Explore Careers - Job Market Report
Patternmakers in this unit group create master patterns for the production of garments, footwear and other textile, leather or fur products. They are employed by pattern manufacturers, textile, leather or fur products manufacturers or they may be self-employed.
dress patternmaker, embroidery patternmaker, fur garment patternmaker, garment patternmaker, leather products patternmaker, shoe patternmaker, textile products patternmaker.
- Examine sketches, samples of articles and specifications of designs to determine number, size and shape of pattern parts and assess the amount of cloth required to make product
- Draw, lay out and cut master pattern of product
- Outline parts of pattern on paper and mark pattern to indicate details such as placement of pockets and pleats on garments, decorative stitching on shoe parts or eyelets on canvas products
- Create pattern size variations from master pattern using computer or drafting instruments, or forward pattern to computer operator to create pattern size variations
- Lay out master pattern on fabric and cut sample pattern
- Mark size, identification, style and sewing instructions on sample patterns.
Education & Job Requirements for Patternmakers – Textile, Leather and Fur Products in Winnipeg Region
Education and job requirements can vary by region. Workers in regulated occupations require a licence to work legally. Workers in non-regulated occupations do not require a licence, but employers may have other certification requirements.
Employment requirements are prerequisites generally needed to enter an occupation.
- Completion of secondary school is required.
- College courses in design and patternmaking
One to two years of on-the-job training are required.
- Courses in computer-assisted patternmaking may be required.
Regulation by Province/Territory
Some provinces and territories regulate certain professions and trades while others do not. If you have a licence to work in one province, your licence may not be accepted in other provinces or territories. Consult the table below to determine in which province or territory your occupation/trade is regulated.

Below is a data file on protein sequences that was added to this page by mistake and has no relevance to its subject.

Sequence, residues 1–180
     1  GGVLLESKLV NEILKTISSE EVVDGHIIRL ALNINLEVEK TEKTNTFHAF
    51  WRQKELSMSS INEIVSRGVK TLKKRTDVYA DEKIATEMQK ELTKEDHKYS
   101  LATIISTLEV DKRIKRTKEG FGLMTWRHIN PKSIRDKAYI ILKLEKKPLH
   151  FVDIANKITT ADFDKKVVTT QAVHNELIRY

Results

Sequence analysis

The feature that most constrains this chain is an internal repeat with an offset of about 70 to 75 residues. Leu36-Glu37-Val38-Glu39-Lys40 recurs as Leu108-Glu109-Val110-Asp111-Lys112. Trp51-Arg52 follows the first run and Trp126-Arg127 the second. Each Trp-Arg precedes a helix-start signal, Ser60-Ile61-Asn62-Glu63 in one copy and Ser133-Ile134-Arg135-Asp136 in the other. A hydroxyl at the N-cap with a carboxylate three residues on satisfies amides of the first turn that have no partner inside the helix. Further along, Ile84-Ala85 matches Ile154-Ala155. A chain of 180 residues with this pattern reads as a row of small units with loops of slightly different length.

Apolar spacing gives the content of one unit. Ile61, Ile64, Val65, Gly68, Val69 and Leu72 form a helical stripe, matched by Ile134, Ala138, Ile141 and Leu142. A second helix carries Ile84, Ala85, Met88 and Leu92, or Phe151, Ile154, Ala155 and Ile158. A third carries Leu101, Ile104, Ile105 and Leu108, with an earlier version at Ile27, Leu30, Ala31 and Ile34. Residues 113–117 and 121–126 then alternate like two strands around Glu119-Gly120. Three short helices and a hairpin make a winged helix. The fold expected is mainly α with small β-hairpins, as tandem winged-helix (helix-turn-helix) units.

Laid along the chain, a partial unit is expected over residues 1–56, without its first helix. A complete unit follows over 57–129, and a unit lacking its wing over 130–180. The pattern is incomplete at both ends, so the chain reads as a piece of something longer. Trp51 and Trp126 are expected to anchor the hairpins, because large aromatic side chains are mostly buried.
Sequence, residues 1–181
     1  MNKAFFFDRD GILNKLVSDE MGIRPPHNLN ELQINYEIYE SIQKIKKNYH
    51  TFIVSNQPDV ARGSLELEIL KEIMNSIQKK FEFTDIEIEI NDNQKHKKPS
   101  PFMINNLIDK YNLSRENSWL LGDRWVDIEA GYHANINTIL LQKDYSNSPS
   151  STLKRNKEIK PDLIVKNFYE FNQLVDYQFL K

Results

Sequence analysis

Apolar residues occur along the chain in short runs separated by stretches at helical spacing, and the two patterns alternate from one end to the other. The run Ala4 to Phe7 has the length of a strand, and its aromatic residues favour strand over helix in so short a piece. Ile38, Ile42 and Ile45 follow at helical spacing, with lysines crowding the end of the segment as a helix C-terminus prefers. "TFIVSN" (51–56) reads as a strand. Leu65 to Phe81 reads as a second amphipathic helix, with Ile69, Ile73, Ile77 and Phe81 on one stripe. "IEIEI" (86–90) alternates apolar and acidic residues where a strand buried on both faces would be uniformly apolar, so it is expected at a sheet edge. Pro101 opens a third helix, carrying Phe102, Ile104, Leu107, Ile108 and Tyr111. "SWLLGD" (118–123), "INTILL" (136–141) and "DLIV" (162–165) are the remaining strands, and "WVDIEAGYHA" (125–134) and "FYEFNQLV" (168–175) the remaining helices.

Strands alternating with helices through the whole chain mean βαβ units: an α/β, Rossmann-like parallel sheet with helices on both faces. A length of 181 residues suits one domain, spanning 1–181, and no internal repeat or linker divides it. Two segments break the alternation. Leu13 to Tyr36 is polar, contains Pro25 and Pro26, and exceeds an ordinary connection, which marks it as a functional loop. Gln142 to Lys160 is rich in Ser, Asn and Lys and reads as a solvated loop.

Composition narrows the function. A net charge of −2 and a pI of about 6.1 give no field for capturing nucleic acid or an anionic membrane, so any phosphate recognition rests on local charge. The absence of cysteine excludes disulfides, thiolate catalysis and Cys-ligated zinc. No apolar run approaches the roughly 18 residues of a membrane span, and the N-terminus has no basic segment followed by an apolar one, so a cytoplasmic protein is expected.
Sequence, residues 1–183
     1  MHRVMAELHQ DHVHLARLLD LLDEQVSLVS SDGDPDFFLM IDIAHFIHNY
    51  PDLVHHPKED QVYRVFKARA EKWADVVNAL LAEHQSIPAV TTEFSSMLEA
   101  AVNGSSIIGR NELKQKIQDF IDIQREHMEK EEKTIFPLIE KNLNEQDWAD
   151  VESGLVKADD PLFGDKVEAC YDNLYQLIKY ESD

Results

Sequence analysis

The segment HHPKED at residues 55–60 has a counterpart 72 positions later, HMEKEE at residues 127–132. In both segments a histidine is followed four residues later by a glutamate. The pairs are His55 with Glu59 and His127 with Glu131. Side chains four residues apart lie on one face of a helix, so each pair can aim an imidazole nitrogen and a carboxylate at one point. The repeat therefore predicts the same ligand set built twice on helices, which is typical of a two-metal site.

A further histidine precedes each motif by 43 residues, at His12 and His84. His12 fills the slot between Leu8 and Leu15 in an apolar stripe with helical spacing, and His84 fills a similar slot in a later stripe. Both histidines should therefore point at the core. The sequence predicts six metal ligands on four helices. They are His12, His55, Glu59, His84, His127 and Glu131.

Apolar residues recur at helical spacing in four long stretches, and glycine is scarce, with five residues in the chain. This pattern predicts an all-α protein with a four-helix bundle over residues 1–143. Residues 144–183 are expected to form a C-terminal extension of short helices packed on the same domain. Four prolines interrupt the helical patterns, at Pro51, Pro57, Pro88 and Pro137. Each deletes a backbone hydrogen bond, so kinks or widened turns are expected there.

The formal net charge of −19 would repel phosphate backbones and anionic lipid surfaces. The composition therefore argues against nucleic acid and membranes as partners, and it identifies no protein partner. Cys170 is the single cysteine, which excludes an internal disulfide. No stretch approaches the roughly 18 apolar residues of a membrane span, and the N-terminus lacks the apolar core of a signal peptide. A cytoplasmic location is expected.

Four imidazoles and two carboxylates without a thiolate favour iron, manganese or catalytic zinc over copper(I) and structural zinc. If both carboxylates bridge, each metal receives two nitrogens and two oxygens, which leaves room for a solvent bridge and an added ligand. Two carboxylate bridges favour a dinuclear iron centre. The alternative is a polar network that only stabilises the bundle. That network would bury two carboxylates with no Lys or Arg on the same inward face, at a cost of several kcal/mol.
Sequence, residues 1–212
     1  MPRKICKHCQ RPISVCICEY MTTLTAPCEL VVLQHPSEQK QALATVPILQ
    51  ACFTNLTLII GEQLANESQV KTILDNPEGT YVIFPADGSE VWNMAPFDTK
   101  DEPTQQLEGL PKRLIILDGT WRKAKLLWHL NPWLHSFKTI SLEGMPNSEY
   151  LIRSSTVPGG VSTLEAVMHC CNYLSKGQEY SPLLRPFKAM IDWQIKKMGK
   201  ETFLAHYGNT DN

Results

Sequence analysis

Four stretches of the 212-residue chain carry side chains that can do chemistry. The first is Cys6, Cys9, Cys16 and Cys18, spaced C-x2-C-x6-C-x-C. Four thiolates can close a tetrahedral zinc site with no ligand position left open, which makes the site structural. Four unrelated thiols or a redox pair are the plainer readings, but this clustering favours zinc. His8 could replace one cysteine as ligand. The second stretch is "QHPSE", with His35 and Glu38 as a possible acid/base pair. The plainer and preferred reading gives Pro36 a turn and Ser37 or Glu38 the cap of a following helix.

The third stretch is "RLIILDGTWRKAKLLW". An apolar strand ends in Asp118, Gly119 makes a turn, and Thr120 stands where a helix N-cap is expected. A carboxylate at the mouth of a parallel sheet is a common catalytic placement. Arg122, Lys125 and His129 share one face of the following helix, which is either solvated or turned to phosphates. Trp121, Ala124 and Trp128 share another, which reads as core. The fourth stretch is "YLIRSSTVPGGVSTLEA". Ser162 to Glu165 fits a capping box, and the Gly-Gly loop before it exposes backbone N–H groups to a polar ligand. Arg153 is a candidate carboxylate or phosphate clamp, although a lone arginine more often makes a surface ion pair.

|Province and Territory||Regulation|
|Newfoundland and Labrador||
|Prince Edward Island||
Programs in the order in which they are most likely to supply graduates to this occupation (Patternmakers – Textile, Leather and Fur Products):
- Design and Applied Arts
- Apparel and Textiles
- Fine Arts and Art Studies
- Drama/Theatre Arts and Stagecraft
- Business/Commerce, General
Information for Newcomers
Provincial credential assessment services assess academic credentials for a fee. Contact a regulatory body or other organization to determine if you need an assessment before spending money on one that is not required or recognized.
The assessment will tell you how your education compares with educational standards in the province or territory where you are planning to settle can help you in your job search.
- British Columbia - International Credential Evaluation Service (ICES)
- Alberta - International Qualifications Assessment Service (IQAS)
- Saskatchewan - International Qualifications Assessment Service The Government of Saskatchewan provides this service through an interprovincial agreement with the Government of Alberta.
- Manitoba - Academic Credentials Assessment Service – Manitoba (ACAS)
- Québec - Service des évaluations comparatives d’études (SECE)
- Northwest Territories - International Qualifications Assessment Service (IQAS). The Government of the Northwest Territories provides this service through an interprovincial agreement with the Government of Alberta.
- Date Modified: